In the high-stakes federal budget debate, getting the facts right is critical. That is why the Heritage Foundation’s recent error-riddled report — which proposed a near-dismantling of the U.S. energy innovation system — demanded an immediate response, which Americans for Energy Leadership has provided with our colleagues at the Information Technology & Innovation Foundation (ITIF) and the Breakthrough Institute.
Last week, these three organizations released a point-by-point analysis of the inaccuracies and misrepresentations of Heritage’s proposal. Today, we are releasing a new report on the fundamental misconceptions of Heritage’s approach.
Download: “All About the Fundamentals: Three Misconceptions of the Heritage Foundation’s Deficit/Energy Proposal” [PDF]
The report highlights three major problems with the Heritage proposal:
1. The proposal fails to meaningfully reduce the deficit now or in the future.
Even though the proposal advocates cutting DOE research budgets in the name of deficit reduction, the Department of Energy represents a tiny portion of the federal budget and contributes little to the deficit and national debt. Moreover, the proposal fails to distinguish between government spending and productive public investment in science and technology, which drives innovation and economic growth.
2. Heritage fails to understand where technological innovations come from.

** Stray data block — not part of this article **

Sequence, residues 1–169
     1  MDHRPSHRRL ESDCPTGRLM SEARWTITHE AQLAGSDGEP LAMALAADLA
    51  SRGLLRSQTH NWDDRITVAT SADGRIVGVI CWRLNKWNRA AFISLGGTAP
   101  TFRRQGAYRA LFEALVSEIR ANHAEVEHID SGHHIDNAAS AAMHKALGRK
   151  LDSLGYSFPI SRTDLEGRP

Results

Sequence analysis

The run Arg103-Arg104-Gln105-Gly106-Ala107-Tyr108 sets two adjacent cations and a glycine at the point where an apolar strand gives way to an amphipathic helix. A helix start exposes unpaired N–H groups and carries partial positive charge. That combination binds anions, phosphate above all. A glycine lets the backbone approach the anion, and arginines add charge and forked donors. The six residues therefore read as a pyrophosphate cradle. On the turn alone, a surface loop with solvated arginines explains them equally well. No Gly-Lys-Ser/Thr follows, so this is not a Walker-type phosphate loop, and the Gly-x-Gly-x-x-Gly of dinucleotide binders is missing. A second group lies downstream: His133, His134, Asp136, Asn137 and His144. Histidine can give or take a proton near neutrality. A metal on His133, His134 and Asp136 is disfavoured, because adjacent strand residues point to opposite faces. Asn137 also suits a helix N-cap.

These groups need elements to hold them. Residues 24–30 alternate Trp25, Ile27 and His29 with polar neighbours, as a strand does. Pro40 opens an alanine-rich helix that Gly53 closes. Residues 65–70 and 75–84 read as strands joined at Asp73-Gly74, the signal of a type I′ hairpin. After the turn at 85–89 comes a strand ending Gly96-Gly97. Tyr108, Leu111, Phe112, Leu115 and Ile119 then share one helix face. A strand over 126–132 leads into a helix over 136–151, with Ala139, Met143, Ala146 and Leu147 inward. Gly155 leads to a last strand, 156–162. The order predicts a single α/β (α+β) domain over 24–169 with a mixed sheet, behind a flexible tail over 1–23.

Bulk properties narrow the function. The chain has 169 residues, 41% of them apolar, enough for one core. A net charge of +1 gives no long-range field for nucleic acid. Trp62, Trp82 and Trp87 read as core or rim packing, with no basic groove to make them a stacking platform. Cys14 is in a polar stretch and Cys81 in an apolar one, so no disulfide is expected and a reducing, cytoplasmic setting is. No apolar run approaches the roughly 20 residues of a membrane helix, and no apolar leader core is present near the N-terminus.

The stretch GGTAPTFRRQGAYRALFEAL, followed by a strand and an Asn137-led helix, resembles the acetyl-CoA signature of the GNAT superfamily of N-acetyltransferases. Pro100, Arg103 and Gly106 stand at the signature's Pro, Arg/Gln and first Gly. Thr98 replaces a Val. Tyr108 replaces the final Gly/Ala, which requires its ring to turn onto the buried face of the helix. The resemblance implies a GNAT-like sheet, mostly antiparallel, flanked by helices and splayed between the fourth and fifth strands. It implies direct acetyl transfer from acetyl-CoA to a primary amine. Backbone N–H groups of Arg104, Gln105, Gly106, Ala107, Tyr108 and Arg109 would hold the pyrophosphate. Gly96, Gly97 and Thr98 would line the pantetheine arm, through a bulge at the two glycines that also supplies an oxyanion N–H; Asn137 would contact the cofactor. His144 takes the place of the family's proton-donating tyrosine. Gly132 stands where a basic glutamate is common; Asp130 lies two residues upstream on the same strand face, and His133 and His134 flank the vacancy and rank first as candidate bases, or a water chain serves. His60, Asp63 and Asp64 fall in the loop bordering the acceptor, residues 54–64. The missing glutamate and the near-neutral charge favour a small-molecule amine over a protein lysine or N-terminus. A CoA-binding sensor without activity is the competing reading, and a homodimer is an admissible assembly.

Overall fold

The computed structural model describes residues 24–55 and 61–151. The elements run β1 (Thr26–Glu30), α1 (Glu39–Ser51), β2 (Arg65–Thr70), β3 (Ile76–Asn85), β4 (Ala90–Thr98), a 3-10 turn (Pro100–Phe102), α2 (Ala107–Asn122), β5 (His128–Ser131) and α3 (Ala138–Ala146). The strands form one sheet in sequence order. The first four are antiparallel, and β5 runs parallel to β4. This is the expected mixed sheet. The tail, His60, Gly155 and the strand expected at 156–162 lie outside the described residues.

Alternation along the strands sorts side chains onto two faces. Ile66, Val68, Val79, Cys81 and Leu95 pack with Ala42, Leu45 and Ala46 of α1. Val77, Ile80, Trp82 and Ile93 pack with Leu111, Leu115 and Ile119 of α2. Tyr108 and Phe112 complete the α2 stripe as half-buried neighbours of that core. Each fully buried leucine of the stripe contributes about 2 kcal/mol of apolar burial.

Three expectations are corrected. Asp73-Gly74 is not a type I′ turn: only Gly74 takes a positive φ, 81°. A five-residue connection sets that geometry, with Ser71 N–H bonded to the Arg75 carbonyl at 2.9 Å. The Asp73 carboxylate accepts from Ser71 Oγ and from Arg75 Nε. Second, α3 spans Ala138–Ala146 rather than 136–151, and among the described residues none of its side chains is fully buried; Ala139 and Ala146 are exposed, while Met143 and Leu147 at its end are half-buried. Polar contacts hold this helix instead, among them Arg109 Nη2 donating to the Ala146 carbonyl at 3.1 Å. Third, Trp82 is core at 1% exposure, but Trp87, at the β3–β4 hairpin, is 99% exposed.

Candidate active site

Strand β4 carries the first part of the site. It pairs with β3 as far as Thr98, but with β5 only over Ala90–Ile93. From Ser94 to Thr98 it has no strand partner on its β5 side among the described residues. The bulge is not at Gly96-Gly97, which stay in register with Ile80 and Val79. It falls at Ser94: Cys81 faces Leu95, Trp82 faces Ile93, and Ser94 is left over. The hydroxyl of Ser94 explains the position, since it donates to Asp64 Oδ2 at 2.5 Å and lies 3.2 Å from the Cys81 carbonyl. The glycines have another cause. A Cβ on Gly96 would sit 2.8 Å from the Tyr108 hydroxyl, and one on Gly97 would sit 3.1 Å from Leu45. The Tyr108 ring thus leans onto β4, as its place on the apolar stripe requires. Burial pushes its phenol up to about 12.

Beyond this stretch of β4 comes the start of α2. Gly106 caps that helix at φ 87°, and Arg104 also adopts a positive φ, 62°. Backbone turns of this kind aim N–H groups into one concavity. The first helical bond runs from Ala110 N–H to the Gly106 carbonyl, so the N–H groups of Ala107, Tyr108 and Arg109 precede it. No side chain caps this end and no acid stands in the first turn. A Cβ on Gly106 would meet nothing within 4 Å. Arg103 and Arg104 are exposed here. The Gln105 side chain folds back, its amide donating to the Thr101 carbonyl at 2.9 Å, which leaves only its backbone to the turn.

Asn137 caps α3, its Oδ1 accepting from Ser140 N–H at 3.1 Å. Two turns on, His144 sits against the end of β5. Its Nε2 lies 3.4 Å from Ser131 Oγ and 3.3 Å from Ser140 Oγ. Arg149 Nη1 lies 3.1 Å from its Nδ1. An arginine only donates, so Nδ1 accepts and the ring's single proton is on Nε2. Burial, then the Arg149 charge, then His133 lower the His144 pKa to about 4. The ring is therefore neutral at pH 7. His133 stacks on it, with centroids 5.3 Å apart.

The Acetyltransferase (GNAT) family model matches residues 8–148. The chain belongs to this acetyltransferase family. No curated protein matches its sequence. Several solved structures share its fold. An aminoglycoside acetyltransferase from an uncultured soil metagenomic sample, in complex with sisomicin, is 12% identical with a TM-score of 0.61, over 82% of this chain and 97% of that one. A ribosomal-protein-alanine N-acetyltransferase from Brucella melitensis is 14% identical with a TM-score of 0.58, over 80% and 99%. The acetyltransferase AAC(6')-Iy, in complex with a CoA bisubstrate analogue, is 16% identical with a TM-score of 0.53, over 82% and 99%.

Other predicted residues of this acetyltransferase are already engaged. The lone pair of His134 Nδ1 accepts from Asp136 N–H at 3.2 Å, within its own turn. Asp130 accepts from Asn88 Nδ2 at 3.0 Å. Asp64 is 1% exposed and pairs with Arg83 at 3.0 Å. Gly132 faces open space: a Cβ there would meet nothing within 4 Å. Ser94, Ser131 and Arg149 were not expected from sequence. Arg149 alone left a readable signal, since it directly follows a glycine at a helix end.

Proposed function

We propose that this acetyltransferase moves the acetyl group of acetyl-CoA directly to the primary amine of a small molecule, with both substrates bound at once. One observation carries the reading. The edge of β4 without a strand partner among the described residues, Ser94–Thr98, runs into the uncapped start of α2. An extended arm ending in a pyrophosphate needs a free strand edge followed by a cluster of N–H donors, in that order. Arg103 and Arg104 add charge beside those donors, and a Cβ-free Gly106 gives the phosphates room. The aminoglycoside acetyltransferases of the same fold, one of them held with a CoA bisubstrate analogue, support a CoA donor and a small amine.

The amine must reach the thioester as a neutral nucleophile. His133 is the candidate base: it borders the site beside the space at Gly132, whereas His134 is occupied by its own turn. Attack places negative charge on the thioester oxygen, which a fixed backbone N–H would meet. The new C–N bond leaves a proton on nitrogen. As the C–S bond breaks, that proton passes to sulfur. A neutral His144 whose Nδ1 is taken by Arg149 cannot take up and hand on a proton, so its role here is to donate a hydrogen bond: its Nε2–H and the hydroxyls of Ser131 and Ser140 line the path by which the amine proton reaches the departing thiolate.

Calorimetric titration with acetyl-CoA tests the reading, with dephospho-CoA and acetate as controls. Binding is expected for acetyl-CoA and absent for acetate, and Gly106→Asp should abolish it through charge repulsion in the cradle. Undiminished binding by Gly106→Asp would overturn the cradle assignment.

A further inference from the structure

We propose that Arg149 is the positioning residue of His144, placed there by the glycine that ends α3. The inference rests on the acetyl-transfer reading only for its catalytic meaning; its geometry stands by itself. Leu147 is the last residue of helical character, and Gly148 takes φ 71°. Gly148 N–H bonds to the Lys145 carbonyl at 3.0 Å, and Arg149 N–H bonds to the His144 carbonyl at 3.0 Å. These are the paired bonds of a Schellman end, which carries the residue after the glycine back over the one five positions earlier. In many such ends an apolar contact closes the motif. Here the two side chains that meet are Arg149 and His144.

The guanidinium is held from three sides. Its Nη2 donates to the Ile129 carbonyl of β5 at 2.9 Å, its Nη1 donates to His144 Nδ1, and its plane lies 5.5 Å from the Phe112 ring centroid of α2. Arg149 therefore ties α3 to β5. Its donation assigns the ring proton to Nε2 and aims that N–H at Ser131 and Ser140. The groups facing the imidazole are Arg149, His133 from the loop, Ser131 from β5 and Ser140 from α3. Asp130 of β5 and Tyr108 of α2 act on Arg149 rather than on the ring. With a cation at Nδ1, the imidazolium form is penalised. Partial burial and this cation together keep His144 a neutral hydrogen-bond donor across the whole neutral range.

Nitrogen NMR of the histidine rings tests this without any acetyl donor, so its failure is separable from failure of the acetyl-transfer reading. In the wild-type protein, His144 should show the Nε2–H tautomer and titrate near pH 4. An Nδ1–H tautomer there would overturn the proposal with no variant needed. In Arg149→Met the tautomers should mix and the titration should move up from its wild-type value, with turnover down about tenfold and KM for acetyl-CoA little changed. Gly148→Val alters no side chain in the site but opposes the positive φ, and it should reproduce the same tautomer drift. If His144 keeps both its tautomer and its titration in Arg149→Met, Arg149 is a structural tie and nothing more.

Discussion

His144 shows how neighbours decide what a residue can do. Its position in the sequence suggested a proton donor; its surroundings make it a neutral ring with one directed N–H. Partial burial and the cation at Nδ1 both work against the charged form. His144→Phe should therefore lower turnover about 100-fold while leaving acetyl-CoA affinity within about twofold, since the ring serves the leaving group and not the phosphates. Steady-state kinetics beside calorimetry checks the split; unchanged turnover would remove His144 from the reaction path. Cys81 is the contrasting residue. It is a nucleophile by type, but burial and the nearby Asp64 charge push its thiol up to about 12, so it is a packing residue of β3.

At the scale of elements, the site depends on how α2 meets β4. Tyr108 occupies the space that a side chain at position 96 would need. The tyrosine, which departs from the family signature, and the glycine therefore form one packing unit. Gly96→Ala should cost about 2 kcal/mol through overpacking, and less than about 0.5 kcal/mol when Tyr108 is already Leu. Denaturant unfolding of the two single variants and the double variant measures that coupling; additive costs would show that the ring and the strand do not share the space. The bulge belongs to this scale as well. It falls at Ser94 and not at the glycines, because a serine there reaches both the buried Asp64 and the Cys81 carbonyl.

Heritage wrongly assumes that “when it comes to energy policy, the free market works” and is best suited to develop new technologies. In fact, the energy sector is anything but free, and has always been characterized by extensive regulations and subsidies, natural monopolies, and other divergences from the free-market ideal held by Heritage. Moreover, Heritage ignores the long history of public support for innovation and assumes the private sector will invest sufficiently in energy innovation. For decades, the energy sector has consistently underinvested in R&D, and market failures plague the energy innovation process at each stage of development, from lab to market launch. There is a broad expert consensus that public investment and public-private partnerships are essential to moving new, innovative technologies into the marketplace.
3. The proposal ignores the immediacy and enormity of U.S. energy challenges.
While Heritage pays lip service to energy security, its recommendations would undermine many of the best efforts underway to achieve it. The Department of Defense has recognized the critical role that innovative clean energy technologies will play in enhancing their strategic and tactical abilities, as well as the nation’s energy security. DOD also views the DOE as a strategic partner in its effort to reduce its own vulnerability from relying on fossil fuels. If Heritage had it their way, DOD would lose a key partner in the long-term effort for greater force effectiveness and security through better energy management.